Sunday, May 30, 2010

How "The End" of Lost could have been more satisfying for me

First things first: I thoughts "The End" was a fitting wrap up to the Lost story. I was moved. I was thrilled. I was happy the characters I'd come to know over the past six years found some resolution. It was sweeping, cinematic and brilliantly crafted. I appreciated the "art" of it, and I'm glad that Damon and Carlton got to tell the story they wanted to tell, in the way they wanted to tell it.

Ending a show, particularly one as intricate and mythology-tangled as Lost, is hard. You're never going to please everyone, and it would have been impossible to wrap up every single mystery that the show put out there.

That said, there were things about the finale, and season six in particular, that just didn't work for me. I'll get into those in a moment, but first let's all agree on what actually happened. "The End" left some things open for interpretation, and ABC's decision to show some plane wreckage over the credits (NOT part of the story Damon and Carlton were telling) was confusing for some. Here's my take on what happened:
  • Everything that happened on the island was real. The Losties didn't die when Oceanic 815 crashed on the island. They were tormented by The Others and the Smoke Monster. They left the island, were rescued by Penny's boat, and returned to civilization, only to go back to the island later on Ajira 316.
  • The detonation of Jughead didn't sink the island. While it's possible that this detonation may have had other side effects (causing infertility?), the only thing we know for sure is that this "incident" transported the primary characters through time, from 1977 to the island present.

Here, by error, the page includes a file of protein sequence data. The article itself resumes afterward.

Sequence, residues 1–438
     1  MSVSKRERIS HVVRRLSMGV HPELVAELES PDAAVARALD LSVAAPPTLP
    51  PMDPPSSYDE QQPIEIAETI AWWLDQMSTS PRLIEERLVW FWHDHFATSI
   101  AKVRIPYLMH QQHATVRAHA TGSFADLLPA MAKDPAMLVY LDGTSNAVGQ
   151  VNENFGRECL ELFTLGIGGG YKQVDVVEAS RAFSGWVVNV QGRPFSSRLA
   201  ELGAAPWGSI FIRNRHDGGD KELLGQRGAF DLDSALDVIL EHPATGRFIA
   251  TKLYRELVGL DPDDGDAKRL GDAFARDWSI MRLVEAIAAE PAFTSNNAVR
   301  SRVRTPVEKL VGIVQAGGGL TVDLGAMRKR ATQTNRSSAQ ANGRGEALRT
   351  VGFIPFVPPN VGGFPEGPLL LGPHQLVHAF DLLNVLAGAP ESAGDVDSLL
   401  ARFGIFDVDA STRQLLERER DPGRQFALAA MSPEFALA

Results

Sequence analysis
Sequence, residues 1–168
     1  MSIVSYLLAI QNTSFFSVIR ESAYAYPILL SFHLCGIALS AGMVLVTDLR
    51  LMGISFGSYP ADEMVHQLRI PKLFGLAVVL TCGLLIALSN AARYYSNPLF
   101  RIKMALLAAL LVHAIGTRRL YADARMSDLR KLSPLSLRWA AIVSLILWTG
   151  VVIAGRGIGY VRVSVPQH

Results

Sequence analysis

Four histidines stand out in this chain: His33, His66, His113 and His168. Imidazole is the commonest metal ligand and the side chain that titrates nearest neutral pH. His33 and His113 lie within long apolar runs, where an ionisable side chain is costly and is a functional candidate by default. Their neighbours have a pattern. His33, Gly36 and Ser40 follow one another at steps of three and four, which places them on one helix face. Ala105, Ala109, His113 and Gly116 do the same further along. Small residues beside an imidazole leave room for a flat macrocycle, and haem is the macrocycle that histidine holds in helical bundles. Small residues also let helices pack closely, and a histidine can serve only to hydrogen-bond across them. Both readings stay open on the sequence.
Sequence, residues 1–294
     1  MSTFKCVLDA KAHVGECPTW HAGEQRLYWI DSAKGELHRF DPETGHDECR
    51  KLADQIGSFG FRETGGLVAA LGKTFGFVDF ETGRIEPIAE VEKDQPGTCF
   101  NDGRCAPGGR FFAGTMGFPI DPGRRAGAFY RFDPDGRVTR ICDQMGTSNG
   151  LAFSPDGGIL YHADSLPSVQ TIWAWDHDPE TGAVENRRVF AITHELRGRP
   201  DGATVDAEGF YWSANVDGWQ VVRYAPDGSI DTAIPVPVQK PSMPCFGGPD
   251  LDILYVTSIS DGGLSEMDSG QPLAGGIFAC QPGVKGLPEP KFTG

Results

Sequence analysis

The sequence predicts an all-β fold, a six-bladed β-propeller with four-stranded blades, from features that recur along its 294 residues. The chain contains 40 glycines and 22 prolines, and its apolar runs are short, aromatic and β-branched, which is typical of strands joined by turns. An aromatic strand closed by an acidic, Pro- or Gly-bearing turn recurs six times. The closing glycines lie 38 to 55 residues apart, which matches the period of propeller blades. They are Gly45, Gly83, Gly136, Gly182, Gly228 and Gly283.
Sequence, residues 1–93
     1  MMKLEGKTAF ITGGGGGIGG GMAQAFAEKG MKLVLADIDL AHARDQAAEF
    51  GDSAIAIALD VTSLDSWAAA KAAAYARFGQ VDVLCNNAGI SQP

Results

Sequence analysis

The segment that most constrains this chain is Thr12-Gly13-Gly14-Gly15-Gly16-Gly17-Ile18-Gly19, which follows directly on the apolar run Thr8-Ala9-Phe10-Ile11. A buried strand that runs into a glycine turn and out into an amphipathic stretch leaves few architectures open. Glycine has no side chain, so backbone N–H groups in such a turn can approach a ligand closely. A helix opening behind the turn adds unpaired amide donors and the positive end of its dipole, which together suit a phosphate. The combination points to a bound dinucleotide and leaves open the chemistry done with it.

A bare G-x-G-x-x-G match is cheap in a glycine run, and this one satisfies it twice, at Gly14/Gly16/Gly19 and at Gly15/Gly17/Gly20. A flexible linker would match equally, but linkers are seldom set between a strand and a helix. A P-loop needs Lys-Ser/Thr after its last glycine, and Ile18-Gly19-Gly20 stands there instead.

• All the flashbacks and flashforwards from seasons 1 - 5 were real. They happened.
  • The defeat of the Smoke Monster was real. Jack and Kate killed him.
  • Lapidus, Miles, Richard (now aging normally), Kate, Sawyer and Claire left the island on the restarted (thanks, duct tape!) Ajira 316.
  • Hurley, now the island's protector (a job Jacob, and Jack briefly, had), stayed on the island, along with his "number two," Ben. Desmond also remained on the island, but it was strongly suggested that somehow Hurley and Ben would return him to Penny and his son Charlie, off the island.
  • Jack saw his friends leave on Ajira 316, and died in the bamboo grove, with Vincent by his side.
All those events are fairly indisputable and straightforward. Also:
  • All the events we saw in season six described as "flash-sideways" were NOT real - insofar as tangibly occurring in the world we live in, and the world where the events described above happened.